Need a gift idea for someone who doesn’t need another tangible item and likes to help others? Buy a well in their honor for villagers in Cambodia. For only $300 we can build a well that will provide fresh water for up to 20 families, thus allowing them better hygiene, health and prosperity. They can grow vegetables to supplement their diet and trade with neighbors.
The well will have a plaque saying what you’d like, such as “In honor or …” or “In memory of…” if you want a living memorial to someone special. You can choose the plaque’s wording. We’ll send you photos once the well is built for you to share with the donors or honoree.
If your parents or siblings have all they need, why not donate something in their name that will make a huge difference? Several relatives can go in together. It would be a wonderful gift to anyone who’s lost a loved one, in the loved one’s memory.
I’m on the board of Together We Can Change the World which arranges for these wells to be built in Cambodia. Our focus is funding projects that make a difference in the health, education and future of women and children in SE Asia. More info or email me.
Or if you’d rather donate to our general fund, we’ll ensure it goes to worthy projects. Click the donate button on www.twcctw.org.
Customers look at where you’re being congruent with what you say and what you do. When you say you believe the customer comes first yet act differently, the disconnect can be jolting.
When people are faced with conflicting information, they choose to believe the one that matches their view of the world. So if your inconsistencies are rare, people will continue to believe you are customer focused. But the more instances of inconsistencies, they will believe the opposite.
Recently, I attended a conference for 1500 Bed and Breakfast owners. The conference organizer is known in the industry for his focus on creating memorable guest experiences.
Yet, over and over again I noticed practices that weren’t congruent with the concept of guest comfort and regard.
Many of us denounce bad service and announce we will not frequent businesses that have such service. Yet we sometimes do.
My friend professional speaker and author Scott Friedman has a mantra for working with others. As he explores how they will work together, he asks, “What does your perfect world look like for our working together?”
The person then explains what needs to happen — or not happen — to be their idea of the perfect situation relating to the job or project.
He says, “I’m going to do everything I can to make your perfect world happen. And here’s mine.” He then explains what would be the perfect scenario for him.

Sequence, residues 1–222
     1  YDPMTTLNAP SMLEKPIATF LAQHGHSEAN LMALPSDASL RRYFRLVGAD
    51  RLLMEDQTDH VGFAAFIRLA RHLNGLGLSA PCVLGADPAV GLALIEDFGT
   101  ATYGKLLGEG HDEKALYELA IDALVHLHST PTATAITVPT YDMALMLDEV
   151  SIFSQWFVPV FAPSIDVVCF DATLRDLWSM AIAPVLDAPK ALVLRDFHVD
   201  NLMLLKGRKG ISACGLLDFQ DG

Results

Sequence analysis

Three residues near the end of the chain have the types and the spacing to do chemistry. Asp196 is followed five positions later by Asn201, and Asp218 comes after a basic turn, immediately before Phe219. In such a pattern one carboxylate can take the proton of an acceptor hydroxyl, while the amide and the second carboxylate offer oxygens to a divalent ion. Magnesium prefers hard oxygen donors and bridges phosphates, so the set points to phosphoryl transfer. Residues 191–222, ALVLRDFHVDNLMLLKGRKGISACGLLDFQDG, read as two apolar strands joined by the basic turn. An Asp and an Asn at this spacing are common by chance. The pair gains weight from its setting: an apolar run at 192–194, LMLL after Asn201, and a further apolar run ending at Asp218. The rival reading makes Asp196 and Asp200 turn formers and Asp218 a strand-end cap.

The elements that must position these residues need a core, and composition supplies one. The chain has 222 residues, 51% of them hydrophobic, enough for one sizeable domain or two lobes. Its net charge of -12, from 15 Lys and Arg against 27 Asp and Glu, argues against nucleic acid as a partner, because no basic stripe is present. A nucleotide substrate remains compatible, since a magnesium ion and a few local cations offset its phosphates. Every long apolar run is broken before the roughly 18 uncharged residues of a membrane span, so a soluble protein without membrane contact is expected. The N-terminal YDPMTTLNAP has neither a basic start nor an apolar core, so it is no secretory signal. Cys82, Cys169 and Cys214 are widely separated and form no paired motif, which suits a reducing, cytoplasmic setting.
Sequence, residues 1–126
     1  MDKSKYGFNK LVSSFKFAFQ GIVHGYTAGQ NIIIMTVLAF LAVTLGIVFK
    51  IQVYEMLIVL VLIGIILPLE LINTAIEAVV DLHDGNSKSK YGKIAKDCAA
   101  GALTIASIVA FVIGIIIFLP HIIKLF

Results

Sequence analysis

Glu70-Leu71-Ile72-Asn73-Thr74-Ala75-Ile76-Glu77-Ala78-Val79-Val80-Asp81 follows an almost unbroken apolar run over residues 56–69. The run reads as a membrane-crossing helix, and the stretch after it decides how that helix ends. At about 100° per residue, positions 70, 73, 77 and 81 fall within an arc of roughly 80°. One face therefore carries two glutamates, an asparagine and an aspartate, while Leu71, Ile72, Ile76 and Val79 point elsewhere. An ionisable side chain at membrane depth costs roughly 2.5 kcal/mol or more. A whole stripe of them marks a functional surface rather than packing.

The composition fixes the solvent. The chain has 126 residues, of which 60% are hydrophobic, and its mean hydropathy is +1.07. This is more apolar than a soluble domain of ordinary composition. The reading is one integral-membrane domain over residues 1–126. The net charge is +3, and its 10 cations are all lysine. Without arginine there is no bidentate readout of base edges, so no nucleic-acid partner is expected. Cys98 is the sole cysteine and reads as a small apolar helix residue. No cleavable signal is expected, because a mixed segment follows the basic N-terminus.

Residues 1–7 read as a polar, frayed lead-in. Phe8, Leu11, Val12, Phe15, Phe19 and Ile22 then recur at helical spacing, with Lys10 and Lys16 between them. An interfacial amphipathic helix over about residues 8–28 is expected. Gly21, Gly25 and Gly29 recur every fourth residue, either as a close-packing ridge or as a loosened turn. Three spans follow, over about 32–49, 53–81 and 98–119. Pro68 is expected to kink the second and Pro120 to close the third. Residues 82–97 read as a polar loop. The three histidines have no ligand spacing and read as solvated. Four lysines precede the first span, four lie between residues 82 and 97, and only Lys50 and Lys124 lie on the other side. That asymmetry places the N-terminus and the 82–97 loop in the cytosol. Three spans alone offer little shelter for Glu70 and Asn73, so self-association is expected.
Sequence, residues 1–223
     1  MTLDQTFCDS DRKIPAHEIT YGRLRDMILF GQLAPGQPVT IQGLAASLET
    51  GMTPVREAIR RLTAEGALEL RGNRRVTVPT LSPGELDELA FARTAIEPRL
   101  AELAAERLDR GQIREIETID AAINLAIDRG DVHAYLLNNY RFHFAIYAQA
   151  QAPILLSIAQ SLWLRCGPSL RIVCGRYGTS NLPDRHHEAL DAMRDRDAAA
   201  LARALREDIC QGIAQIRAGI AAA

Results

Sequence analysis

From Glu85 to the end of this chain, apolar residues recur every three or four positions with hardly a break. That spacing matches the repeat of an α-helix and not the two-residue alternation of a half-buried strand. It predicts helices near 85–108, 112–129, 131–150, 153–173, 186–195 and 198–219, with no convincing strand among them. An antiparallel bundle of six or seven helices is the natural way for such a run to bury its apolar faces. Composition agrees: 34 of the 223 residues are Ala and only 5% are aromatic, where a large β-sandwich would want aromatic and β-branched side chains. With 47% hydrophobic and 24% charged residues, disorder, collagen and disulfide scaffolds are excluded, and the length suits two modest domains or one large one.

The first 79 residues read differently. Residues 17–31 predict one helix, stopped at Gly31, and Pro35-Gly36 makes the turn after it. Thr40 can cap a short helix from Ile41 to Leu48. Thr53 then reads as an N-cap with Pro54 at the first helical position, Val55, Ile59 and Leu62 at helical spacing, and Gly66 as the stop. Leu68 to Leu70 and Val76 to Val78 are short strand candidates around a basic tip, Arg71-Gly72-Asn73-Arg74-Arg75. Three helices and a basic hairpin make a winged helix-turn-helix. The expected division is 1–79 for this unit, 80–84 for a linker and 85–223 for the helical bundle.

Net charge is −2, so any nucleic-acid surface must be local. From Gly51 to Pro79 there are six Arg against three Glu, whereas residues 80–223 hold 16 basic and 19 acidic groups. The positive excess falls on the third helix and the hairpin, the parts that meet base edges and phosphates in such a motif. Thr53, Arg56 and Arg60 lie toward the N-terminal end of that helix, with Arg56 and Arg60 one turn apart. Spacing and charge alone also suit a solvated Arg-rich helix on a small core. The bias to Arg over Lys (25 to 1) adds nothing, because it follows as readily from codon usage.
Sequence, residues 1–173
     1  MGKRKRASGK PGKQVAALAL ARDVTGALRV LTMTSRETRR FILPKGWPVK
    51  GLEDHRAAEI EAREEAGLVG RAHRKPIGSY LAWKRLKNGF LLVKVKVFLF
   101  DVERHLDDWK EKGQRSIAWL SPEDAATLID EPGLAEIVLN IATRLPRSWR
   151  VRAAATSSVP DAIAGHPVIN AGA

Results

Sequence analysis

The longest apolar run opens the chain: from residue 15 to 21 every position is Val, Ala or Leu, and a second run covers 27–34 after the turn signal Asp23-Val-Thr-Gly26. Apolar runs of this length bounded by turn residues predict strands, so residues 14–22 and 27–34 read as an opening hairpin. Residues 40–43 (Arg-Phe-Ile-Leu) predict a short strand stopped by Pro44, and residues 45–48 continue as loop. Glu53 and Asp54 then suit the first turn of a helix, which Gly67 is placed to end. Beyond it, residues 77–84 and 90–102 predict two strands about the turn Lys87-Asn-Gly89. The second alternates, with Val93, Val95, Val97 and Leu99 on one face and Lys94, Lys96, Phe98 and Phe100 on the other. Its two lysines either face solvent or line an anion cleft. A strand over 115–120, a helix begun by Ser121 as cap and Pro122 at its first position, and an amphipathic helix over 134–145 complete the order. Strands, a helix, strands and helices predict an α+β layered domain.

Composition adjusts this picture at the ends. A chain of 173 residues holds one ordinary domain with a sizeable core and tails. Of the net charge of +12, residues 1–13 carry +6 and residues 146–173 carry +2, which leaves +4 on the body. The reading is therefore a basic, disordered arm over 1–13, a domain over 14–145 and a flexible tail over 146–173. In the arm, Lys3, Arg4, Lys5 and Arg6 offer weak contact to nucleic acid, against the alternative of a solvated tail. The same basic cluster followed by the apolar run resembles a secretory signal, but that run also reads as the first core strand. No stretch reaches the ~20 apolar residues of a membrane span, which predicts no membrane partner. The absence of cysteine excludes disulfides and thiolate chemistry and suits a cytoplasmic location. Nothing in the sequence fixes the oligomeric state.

It’s amazing what it creates.
People are enthusiastic about the partnership as they know he’s going to work hard to provide their perfect situation. And he’s clear on what he would like so they, too, can provide that for him.
If things start to veer from the perfect world, he can say, “This isn’t what we described as our perfect world. Do you want to modify the perfect world scenario or shall we reassess what we should be doing?”
Scott has used this when hiring assistants, working with partners and other colleagues. Try it with those you already work with or are exploring working together. See what develops.
I’m remodeling my kitchen and selected the granite fabricators based on my neighbors’ reports on their great customer service. I found that to be true all along the way until the end.
When the granite was installed, we discovered they’d made the sink cutout template wrong so the overhang over the sink was right on three sides but not on the front. My contractor had several discussions with the rep beforehand ensuring the overhang was to be the same on all 4 sides, and reiterating it with the guy sent out to ensure the job template was right before cutting the stone.
It may not seem like a big deal, but 3/8″ can make the difference between brushed crumbs landing in the sink vs. on the sink edge, which would be a pain to clean.
When the granite was being installed, my contractor pointed out the problem immediately to the installers. The three installers wanted to scrap the $800 piece of granite.
I called the fabrication rep immediately and left him a message.
My contractor and I explored my options. If we made the fabricator tear out the granite, it would cost them $800 for the granite, 3 guys 2-3 hours at $50/hr to tear it out and install the new piece, an hour of fabrication time, plus repairing any damage to the cabinets. All in all, we figured the company would be out close to $1500 to make it right.
A week later, no word from the rep. However, I did get a bill, minus a 3.2% discount for the wrong template.